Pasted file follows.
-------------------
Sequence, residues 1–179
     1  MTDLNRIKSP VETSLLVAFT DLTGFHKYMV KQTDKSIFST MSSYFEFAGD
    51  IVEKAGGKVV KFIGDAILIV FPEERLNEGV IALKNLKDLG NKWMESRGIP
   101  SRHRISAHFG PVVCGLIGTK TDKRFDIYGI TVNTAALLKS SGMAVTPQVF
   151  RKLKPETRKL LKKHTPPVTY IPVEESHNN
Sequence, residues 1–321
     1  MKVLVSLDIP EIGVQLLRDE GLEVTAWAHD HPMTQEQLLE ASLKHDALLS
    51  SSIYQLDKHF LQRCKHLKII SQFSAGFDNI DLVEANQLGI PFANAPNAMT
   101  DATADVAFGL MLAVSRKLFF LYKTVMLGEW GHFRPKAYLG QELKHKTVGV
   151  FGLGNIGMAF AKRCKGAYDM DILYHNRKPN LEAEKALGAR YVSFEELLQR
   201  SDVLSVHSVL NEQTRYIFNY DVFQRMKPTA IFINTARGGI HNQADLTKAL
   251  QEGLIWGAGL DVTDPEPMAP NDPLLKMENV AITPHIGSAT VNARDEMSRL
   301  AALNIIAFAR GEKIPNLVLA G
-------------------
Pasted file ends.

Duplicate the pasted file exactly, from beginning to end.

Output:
Sequence, residues 1–179
     1  MTDLNRIKSP VETSLLVAFT DLTGFHKYMV KQTDKSIFST MSSYFEFAGD
    51  IVEKAGGKVV KFIGDAILIV FPEERLNEGV IALKNLKDLG NKWMESRGIP
   101  SRHRISAHFG PVVCGLIGTK TDKRFDIYGI TVNTAALLKS SGMAVTPQVF
   151  RKLKPETRKL LKKHTPPVTY IPVEESHNN
Sequence, residues 1–321
     1  MKVLVSLDIP EIGVQLLRDE GLEVTAWAHD HPMTQEQLLE ASLKHDALLS
    51  SSIYQLDKHF LQRCKHLKII SQFSAGFDNI DLVEANQLGI PFANAPNAMT
   101  DATADVAFGL MLAVSRKLFF LYKTVMLGEW GHFRPKAYLG QELKHKTVGV
   151  FGLGNIGMAF AKRCKGAYDM DILYHNRKPN LEAEKALGAR YVSFEELLQR
   201  SDVLSVHSVL NEQTRYIFNY DVFQRMKPTA IFINTARGGI HNQADLTKAL
   251  QEGLIWGAGL DVTDPEPMAP NDPLLKMENV AITPHIGSAT VNARDEMSRL
   301  AALNIIAFAR GEKIPNLVLA G